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Dear Wife, I’m Dead – Here’s What You Need to Do

what happens if you dieHave you ever thought about how well your family would operate without you? I mean, what happens if you die? Sure, they’d be sad and they’d probably be unable to physically move for a few days. After all, death is one of the most tragic occurrences in all of life…but, I’m not talking about emotions here. I’m basically just talking about money (surprise surprise, I know ;)).


The car next to you just abruptly switched lanes and creamed you in the driver side front quarter-panel. You careem across two lanes and an SUV plows into your back-end. The next impact is the guard-rail…and that’s that last thing you remember.

You’re dead.

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It could happen to anyone! At any given moment, death happens.

  • Freak accident
  • Cancer
  • Heart attack
  • Liver failure

Are you prepared for your death? Or would your family grieve for your loss and then grieve again because they had no money? What happens if you die?

Nobody wants to leave their family high and dry. This is why I partnered with a top-notch life insurance company. Take an action today to cover your life with Term Life Insurance.

I recommend Bestow Term Life Insurance.

The cost is probably less than $20 a month and it’ll only take you a few minutes to sign up. No medical exams. No long forms to fill out. No excuses.

Take care of your family, have life insurance, and make a plan.

Here’s my plan….


Dear Wife, I’m Dead. Here’s What You Need to Do.


I had dreams of growing old with you – walking the Caribbean beach together, napping in the peaceful rolling hills of Great Britain, and owning that piece of property in the country that we’ve been dreaming about since day one – but if you’re reading this letter…then I guess it just wasn’t meant to be. I’m sorry, but I’m gone…already waiting for you on the other side.

I know this whole thing is painful, but hopefully all this planning will at least take away the stress out of what you need to do next.

Here’s your step-by-step guide. I love you.

1) Pay For the Funeral with Cash from Savings

You and me babe, we’ve always been savers. At this moment, I’m sure there’s at least $15,000 in our checking and savings. Take out $8,000 and do what needs to be done with the funeral home. I don’t need anything flashy – the Toyota casket will do. No sense paying for that Rolls Royce. It’ll just getting buried with dirt anyway. 😉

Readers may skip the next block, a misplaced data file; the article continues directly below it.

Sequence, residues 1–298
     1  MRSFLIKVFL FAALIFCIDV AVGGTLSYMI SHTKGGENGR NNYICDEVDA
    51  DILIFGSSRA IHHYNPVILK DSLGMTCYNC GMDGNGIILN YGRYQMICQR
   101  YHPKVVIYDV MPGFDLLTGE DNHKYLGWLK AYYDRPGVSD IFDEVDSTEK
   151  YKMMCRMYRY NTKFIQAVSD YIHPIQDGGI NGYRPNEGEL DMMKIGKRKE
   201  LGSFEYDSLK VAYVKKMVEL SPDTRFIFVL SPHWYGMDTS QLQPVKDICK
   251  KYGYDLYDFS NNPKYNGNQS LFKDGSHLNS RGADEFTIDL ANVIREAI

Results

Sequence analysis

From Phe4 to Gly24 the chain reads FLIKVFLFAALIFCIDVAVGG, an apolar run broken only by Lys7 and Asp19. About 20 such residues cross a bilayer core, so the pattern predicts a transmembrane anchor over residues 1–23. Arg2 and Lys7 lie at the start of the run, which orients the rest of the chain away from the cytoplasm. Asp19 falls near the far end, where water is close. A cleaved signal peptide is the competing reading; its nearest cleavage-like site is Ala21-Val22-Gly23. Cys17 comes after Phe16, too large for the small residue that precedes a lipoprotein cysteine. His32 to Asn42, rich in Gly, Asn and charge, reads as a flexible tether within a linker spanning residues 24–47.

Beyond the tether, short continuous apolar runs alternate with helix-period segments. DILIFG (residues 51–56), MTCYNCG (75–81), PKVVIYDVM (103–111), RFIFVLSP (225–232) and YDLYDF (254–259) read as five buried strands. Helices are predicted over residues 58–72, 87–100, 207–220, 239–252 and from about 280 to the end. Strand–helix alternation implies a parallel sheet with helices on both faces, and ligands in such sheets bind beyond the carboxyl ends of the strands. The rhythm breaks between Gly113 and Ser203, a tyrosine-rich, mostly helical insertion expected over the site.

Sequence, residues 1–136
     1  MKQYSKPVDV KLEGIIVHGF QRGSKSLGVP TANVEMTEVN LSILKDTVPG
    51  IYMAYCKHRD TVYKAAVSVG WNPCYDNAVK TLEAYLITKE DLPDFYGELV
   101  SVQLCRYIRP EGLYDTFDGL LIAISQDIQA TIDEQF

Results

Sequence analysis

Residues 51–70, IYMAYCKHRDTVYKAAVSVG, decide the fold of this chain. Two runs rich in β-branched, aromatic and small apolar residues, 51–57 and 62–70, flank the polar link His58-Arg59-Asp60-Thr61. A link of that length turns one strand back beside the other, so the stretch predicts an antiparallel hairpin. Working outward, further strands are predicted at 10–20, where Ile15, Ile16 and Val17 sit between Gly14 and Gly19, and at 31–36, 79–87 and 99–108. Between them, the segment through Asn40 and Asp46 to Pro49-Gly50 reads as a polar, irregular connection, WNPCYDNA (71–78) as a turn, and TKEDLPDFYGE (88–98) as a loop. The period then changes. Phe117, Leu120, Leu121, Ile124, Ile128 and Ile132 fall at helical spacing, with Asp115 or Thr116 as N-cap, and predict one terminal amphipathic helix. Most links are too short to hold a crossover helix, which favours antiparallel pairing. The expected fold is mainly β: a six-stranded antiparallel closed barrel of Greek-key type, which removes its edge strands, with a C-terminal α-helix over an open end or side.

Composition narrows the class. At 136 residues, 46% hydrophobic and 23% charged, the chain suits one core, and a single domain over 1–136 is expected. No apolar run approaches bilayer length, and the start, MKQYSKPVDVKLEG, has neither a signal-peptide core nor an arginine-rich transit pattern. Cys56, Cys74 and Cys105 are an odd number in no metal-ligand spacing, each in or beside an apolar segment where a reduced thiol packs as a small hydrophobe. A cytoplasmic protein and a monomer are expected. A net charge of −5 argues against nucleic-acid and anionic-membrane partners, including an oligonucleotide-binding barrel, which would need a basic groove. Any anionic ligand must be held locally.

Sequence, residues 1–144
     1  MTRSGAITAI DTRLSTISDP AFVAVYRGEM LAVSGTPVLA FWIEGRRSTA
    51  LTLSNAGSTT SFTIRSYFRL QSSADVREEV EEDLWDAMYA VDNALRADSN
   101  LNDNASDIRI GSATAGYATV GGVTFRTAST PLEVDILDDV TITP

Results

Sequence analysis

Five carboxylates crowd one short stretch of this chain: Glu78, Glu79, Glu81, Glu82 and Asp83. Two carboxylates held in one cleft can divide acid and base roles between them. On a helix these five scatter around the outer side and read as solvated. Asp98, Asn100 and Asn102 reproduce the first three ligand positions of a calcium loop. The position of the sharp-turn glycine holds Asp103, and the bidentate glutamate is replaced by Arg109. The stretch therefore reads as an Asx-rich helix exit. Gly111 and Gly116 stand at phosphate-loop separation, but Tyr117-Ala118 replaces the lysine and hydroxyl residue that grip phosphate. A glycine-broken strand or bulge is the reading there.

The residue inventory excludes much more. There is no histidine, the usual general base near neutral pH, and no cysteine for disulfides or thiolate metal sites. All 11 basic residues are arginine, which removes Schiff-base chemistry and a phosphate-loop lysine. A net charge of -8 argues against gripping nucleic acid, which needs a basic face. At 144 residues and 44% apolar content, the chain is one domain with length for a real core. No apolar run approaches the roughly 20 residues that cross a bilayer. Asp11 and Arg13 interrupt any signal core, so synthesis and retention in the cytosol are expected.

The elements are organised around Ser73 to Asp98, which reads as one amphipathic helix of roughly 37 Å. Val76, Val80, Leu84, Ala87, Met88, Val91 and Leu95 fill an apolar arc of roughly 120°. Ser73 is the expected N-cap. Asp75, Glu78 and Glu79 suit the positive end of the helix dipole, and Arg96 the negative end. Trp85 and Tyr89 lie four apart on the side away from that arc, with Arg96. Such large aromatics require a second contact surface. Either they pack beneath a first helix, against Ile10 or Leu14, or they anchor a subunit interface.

…and speaking of Toyota’s…sell my car. That’ll add a nice pile of cash to our already-loaded savings account.

2) Sell This Website

Hundreds of thousands of people depend on this website each year to get their money questions answered. It would be a shame to just let it die with me. Not to mention the fact that it’s valuable – probably 10 times more valuable than that car I just told you to sell.

Related: Sell My Site for $60,000?

Reach out to J. Money from Budgets are Sexy and “ESI” from ESI Money. They’ll help you find a good buyer for this site, and at a fair price too. I trust them both.

Put this money into Addi’s college fund. With the amount you get from insurance along with the 16 years of growth, this should cover almost all of her schooling (make her work for the rest, it’ll be good for her ;)).

3) Collect the Life Insurance Money

Between my work life insurance and the term insurance we both bought last year, you should receive roughly $400,000. My work will tell you what to do to gather up their life insurance money. And the term insurance papers are in our safe. Just send them my death certificate and you’ll get the money shortly thereafter.

In the meantime, just live off of our savings. There’s plenty in there. Don’t freak out…things are going to be just fine.

Keep reading.

4) Invest It, Draw Some From It

Alright. You’ve got $400,000 in your hands. Invest it. All of it.

We’ve already got a Wealthsimple investment account. Just add all of this money to the existing “growth fund”. With this amount of money, they’ll manage the account for free and it’ll grow by roughly $2,600 a month. You should be able to live on that. In fact, since our house is paid for and we have absolutely no debt, and since those rental houses are both earning money, you should really only need to withdraw $1,000 a month (yes, even with Addi’s private school).

The $400k will continue to grow, even with your withdrawals, and you can use it later in life for special trips, additional college funding, or heck, use it for your early retirement.

5) Keep the Rentals, Have Someone Else Manage Them